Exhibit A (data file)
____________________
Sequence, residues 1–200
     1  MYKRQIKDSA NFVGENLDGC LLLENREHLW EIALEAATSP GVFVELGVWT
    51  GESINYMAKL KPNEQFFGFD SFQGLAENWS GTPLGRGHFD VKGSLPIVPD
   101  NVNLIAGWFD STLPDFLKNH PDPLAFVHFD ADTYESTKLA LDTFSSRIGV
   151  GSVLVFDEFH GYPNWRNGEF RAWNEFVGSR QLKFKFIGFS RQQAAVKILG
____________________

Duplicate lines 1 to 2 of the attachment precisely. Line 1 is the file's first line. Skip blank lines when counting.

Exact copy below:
Sequence, residues 1–200
     1  MYKRQIKDSA NFVGENLDGC LLLENREHLW EIALEAATSP GVFVELGVWT